In 1913 a charitable organization called the Ezras Noshim Society was formed to help elderly women. Ezras Noshim start collecting funds in 1917 to purchase a home that would be converted into Toronto's first Jewish Old Folks Home. The forerunner to Baycrest Centre opened in 1919 as the Toronto Jewish Old Folks Home on Cecil Street in downtown Toronto where the women of Ezras Noshim made beds, cooked kosher meals, washed sheets and sponsored fund-raising events.
In 1954, the Jewish Home for the Aged opened on Bathurst Street to accomodate their expanding needs and a new feature -- Baycrest Hospital.
This location continued to expand including a new building for residents in 1968, the Baycrest Terrace and The Joseph E. and Minnie Wagman Centre in 1976. These additions enabled Baycrest to expand their services to include a community centre, an enhanced apartment building, a home for the aged, a day care service and a hospital.
In 1986 a new Baycrest Hospital was erected, and in 1989, the Rotman Research Institute, which is also affiliated with the University of Toronto, opened to create a research facility enabling top researchers to study and find new treatment methods for the elderly.
In recent years, Baycrest's research activities have expanded to include the Clinical Epidemiology and Evaluation Unit (est. 1995), which evaluates clinical programs and conducts long-term studies of health issues affecting older adults and the Kunin Lunenfeld Clinical Research Unit (est. 1996), which links researchers with Baycrest clinical departments to enable prompt implementation of research findings. These two programs merged in 1998 to become the Kunin-Lunenfeld Applied Research Unit.
Apotex Centre, the Jewish Home for the Aged and the Louis and Leah Posluns Centre for Stroke and Cognition opened in 2000. This centre is responsible for residents with progressive dementia and vascular dementia.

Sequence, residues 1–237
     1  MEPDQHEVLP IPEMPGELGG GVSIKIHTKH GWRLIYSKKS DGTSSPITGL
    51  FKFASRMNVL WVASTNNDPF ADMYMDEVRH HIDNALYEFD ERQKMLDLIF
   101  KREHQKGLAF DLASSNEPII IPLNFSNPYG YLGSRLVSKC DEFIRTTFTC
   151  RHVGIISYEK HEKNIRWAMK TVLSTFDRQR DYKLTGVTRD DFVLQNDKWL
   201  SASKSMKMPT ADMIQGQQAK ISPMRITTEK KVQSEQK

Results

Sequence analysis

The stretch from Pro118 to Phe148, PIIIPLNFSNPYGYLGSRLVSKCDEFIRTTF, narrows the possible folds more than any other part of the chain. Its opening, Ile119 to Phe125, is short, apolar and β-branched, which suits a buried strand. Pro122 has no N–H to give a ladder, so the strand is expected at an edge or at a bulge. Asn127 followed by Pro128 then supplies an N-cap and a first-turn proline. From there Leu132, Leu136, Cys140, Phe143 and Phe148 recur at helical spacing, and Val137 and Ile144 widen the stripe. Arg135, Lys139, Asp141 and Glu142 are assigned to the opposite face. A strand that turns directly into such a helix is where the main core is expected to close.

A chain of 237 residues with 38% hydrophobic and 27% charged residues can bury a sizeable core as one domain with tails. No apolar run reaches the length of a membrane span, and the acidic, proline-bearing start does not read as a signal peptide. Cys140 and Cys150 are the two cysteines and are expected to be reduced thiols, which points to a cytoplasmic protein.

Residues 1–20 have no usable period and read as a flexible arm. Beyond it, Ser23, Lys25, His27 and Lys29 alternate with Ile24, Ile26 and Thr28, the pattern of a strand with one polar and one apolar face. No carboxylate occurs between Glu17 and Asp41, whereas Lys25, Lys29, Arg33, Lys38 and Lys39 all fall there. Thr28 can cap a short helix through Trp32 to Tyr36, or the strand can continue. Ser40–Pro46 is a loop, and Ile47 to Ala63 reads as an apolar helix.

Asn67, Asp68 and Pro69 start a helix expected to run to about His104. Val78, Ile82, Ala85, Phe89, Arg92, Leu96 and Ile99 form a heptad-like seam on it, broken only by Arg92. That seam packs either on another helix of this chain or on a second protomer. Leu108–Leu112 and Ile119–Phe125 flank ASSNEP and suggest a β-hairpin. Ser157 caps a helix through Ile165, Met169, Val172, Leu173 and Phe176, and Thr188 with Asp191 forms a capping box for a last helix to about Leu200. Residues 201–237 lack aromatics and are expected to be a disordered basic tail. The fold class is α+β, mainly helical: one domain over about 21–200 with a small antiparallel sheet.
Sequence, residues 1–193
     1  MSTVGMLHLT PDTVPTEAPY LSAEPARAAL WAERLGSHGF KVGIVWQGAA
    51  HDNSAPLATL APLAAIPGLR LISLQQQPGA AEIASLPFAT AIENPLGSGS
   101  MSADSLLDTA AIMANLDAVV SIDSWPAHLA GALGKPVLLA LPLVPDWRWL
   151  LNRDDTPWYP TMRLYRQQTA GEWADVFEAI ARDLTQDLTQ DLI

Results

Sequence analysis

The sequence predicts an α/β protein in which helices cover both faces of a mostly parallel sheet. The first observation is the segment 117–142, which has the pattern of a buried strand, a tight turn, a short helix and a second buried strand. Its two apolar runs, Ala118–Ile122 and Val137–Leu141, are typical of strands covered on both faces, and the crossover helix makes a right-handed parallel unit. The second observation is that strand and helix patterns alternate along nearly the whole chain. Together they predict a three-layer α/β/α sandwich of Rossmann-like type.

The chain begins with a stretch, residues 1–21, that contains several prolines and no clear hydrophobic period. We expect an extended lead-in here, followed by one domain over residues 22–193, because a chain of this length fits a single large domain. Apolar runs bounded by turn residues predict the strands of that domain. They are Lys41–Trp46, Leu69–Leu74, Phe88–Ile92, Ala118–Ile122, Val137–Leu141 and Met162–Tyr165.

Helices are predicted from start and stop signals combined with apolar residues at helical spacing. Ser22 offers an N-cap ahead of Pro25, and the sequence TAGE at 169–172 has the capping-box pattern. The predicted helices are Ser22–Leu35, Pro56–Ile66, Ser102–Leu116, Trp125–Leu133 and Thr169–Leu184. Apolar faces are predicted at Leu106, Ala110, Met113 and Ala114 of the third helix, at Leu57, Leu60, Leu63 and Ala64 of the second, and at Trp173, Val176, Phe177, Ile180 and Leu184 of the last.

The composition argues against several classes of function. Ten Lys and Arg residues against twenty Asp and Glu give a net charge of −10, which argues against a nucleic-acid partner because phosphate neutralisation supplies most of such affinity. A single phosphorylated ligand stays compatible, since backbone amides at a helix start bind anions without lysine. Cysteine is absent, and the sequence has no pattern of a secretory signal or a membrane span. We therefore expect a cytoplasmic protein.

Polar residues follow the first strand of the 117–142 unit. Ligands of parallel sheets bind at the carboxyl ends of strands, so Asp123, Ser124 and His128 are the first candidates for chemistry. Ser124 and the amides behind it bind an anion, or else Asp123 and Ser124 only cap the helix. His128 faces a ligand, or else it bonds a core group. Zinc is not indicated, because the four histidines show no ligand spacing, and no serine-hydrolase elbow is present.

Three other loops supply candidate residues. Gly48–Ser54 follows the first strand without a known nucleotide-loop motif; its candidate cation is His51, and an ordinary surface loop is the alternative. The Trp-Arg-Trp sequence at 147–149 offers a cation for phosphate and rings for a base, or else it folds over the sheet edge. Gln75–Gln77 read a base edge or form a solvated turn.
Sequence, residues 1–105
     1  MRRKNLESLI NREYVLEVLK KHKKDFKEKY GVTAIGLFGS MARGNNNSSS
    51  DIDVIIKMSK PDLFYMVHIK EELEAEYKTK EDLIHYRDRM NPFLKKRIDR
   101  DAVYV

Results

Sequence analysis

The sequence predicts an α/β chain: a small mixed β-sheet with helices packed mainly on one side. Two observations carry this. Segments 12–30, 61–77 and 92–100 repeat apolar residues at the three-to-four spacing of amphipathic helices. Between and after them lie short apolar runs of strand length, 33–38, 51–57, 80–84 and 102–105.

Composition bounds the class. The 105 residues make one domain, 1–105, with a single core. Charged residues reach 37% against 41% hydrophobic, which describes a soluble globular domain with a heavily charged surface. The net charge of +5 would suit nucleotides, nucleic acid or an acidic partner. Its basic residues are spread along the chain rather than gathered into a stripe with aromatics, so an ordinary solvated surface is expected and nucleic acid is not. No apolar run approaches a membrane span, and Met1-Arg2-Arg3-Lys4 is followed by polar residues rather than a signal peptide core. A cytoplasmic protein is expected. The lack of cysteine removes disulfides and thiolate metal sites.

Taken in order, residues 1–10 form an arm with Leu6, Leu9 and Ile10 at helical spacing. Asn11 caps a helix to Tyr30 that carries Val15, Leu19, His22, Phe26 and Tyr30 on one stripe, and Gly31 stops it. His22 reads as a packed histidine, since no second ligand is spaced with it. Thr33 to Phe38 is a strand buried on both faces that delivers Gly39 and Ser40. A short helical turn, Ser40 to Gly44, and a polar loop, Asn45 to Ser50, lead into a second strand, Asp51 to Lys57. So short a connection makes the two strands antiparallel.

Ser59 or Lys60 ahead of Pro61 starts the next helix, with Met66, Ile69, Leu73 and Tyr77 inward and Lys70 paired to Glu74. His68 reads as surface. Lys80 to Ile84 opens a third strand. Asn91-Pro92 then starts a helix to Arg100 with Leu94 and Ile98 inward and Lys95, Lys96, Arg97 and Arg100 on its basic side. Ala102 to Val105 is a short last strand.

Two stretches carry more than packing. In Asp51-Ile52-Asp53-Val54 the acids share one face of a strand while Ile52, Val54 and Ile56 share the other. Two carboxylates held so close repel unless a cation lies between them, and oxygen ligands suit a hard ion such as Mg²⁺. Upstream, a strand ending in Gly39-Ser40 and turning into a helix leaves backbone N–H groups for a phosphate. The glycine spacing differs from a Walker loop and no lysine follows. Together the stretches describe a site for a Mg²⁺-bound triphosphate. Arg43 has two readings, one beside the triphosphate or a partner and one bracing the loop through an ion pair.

Baycrest Centre also provides numerous cultural and religious programs for the inhabitants and the greater community, including a heritage museum, art exhibits and a Holocaust program.
Scope and Content
Photograph of the groundbreaking ceremony for Baycrest Hospital on Bathurst Street, which was erected along with the new building of the Jewish Home for the Aged.
Abe Posluns is on the far right.
Copyright is not held by the Ontario Jewish Archives. It is the responsibility of the researcher to obtain permission prior to use.
Max and Celia Hoffman lived in Hamilton with their 2 children, Stephen and Jay. They were members of Adas Israel synagogue and the Beverley Golf and Country Club. The children attended the Hamilton Talmud Torah.
Scope and Content
Series contains correspondence and blueprints relating to the construction of the Hoffman residence. Also included are the Westlake Secondary School yearbook, the school attended by the Hoffman children and a biography of Meyer Hoffman, a relative of Max Hoffman. In addition, there is correspondence relating to the Hoffman family membership in the Beverley Golf and Country Club.